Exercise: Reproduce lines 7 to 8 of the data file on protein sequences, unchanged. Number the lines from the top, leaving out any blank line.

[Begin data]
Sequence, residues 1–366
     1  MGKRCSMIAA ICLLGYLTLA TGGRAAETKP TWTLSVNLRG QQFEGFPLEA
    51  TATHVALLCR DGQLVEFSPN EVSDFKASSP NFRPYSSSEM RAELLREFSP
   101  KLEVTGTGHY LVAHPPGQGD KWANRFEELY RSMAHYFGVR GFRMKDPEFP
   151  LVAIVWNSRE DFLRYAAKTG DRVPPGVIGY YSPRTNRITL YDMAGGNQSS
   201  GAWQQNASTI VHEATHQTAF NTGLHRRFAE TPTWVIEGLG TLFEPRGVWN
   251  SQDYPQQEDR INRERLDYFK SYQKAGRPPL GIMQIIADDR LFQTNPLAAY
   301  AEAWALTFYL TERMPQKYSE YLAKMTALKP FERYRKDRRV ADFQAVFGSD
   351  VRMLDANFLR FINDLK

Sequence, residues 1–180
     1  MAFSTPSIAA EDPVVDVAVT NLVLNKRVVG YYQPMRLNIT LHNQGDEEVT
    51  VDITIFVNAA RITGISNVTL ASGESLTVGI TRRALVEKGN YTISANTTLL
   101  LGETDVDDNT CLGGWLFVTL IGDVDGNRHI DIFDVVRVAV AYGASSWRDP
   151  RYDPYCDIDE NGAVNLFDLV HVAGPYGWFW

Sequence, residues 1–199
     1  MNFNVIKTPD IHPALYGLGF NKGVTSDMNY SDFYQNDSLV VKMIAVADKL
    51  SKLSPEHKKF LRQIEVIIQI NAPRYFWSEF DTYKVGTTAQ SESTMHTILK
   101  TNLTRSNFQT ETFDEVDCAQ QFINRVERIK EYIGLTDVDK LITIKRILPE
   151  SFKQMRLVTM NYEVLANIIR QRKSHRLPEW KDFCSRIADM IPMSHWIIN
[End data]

   251  SQDYPQQEDR INRERLDYFK SYQKAGRPPL GIMQIIADDR LFQTNPLAAY
   301  AEAWALTFYL TERMPQKYSE YLAKMTALKP FERYRKDRRV ADFQAVFGSD